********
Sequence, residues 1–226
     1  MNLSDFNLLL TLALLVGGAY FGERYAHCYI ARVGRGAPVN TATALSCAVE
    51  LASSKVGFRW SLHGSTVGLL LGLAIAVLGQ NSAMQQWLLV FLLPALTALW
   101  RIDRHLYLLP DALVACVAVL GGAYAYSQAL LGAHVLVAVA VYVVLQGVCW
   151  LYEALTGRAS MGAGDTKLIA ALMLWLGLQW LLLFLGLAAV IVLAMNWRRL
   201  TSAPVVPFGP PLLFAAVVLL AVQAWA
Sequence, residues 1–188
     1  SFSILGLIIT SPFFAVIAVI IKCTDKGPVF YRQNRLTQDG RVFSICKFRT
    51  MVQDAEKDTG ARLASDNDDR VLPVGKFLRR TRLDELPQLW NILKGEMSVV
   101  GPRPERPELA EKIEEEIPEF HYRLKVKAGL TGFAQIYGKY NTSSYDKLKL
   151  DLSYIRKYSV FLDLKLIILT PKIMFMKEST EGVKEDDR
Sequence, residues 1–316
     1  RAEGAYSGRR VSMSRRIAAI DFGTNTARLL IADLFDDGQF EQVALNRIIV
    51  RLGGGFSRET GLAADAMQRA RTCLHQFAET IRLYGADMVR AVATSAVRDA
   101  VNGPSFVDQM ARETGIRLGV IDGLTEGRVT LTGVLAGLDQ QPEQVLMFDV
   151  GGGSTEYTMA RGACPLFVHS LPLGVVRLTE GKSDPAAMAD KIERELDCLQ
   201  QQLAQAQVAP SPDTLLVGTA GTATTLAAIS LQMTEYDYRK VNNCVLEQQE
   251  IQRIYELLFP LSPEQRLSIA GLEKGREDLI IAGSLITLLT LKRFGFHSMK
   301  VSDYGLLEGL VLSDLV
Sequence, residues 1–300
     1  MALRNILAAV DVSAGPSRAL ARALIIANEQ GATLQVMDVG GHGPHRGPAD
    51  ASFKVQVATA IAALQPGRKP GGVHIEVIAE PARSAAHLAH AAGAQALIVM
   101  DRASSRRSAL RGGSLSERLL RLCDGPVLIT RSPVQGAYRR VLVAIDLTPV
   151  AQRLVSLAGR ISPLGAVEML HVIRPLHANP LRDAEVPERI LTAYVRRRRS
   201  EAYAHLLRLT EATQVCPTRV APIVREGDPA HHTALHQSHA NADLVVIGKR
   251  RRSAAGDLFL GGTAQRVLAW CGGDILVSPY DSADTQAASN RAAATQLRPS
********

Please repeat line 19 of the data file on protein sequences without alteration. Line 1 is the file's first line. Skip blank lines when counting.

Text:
   301  VSDYGLLEGL VLSDLV